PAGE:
positioning (it tries hard, though), but it's excellent
at border specification, coloration, fonts, and other
And I will briefly mention RDF, which I'd have to study,
but I think of that as a data retrieval system for
arbitrary XML documents (as opposed to SQL, which is a
data retrieval system for arbitrary data records).
Does OO support any of this? MS Office?
Not even close, though OO can read plain HTML files.
HTML/HTTP itself is a major bodgeup. First, HTTP was
a nice little stateless protocol; fetch a doc, get
the results back. Then images got involved -- all right,
another server transaction. Now we have cookies, plugins,
I can't even get inline SVG to work reliably in IE,
that's how bad it is, and heaven help those who want to
save about 40 bytes of headers and some processing time
by including binary pictures in that initial fetch (as
opposed to initiating another fetch, as HTTP requires now).
At least with Microsoft Word all of the crap is contained
within one, count 'em ONE, document. It would be nice
if we could get responses such as
HTTP/1.1 200 OK
Content-Type: multipart/alternate; charset=UTF-8
and have browsers and word processors process them reliably.
I'm not all that hopeful.
> How come Firefox managed to take away a good chunk
> of IE market share while Linux and Open Office can't
> even get out of 1st gear?
Because IE needs to get fixed, but it runs on a stable
platform, namely, Windows XP.
> Maybe people just don't like Linux and Open Office.
Correct. Mostly because they don't *know* it -- and even
you don't know it; Linux is the *kernel*, and just that.
Most people would probably get introduced to Linux via
Ubuntu, which could just as easily build itself around
HURD or FreeBSD, were Canonical willing to put sufficient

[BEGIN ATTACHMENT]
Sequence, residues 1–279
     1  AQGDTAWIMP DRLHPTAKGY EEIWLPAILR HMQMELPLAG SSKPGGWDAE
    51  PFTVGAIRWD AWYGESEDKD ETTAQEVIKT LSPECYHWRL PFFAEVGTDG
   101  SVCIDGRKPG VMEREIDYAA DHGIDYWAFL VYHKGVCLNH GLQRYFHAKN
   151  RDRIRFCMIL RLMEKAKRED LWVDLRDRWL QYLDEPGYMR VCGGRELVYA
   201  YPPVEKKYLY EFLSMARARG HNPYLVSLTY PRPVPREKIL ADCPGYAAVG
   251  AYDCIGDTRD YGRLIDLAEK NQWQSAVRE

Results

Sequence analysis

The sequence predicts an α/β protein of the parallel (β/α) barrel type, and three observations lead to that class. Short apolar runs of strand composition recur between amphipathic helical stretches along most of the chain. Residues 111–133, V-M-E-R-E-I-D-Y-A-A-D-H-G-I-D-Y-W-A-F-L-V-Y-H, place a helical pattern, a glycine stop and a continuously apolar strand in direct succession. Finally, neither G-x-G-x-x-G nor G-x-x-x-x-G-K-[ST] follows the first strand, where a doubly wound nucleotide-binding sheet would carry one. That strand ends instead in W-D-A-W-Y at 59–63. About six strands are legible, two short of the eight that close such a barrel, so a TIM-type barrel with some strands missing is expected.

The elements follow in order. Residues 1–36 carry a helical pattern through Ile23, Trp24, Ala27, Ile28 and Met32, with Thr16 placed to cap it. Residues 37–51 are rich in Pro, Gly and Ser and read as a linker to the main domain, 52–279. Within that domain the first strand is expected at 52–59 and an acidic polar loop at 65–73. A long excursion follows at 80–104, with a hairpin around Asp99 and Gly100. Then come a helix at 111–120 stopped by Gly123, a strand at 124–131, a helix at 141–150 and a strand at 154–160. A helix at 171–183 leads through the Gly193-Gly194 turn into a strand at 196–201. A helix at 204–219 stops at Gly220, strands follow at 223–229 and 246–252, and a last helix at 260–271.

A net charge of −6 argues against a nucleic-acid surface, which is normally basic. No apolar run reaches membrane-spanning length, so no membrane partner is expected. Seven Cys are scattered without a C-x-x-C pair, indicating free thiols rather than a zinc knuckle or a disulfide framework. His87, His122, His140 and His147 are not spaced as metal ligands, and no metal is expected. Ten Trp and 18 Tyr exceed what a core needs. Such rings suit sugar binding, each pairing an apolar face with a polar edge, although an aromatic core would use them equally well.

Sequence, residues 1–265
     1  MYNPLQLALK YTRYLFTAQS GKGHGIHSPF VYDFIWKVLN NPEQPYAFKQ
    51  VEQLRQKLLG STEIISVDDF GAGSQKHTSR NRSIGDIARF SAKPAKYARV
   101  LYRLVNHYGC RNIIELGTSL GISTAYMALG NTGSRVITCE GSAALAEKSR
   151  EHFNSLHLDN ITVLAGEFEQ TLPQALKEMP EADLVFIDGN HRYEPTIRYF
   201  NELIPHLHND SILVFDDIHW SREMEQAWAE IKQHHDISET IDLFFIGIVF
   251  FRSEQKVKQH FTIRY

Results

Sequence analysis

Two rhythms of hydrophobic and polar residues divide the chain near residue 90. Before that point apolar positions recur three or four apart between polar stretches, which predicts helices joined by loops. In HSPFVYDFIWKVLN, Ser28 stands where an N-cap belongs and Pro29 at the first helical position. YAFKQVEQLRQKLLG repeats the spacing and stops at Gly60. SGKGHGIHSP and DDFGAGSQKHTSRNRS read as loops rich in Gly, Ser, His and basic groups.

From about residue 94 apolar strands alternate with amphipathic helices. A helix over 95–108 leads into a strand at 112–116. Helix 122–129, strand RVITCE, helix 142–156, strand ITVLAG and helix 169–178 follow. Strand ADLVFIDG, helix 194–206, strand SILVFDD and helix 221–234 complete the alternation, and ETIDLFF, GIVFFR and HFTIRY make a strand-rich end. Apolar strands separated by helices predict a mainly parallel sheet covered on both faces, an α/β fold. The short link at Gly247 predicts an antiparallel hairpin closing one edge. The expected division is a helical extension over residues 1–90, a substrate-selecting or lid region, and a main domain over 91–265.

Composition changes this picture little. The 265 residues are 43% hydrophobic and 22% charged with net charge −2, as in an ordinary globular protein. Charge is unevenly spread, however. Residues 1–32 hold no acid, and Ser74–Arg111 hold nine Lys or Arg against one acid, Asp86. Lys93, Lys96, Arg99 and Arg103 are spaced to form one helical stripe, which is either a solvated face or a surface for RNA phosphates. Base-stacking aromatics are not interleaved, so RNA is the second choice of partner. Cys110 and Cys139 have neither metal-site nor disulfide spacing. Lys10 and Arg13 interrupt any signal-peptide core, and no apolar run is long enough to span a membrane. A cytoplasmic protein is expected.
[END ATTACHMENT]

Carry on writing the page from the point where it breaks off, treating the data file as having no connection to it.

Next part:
engineering time around the matter (and HURD sufficiently
functional; FreeBSD to its credit probably can support
almost everything Gnome and KDE require).
> Maybe you should face reality that even with 500+ Linux distributions and
> the fact that Linux is free, you still can't get people to use Linux.
People don't use Linux. They get work done (or try to,
in some cases).
*I* might write code such as the following:
movl $datas,%edx /* len */
lea data,%ecx /* buf */
movl $1,%ebx /* fid 1 -- STDOUT */
data: .ascii "Hello, world!"
(Yes, that's right, another "hello world" variant. There's
so many of them.)
Not many others would. That's as close to bare metal as
Linux allows, and the INT 80H (represented here in [g]as
syntax as int $0x80), is where the app program meets the
Most people prefer to type in commands such as 'ls'
(if they're old school) or point and click.
[*] in the sense that it never mutated. Linux now has at least
*three* audio systems (OSS, ALSA, and now PulseAudio), which
is almost as bad as Windows' internal drivers -- but no one
ever sees the drivers. To their credit, they do work reasonably
"Your mother was a hamster and your father smelt of
elderberries!" - Monty Python and the Holy Grail
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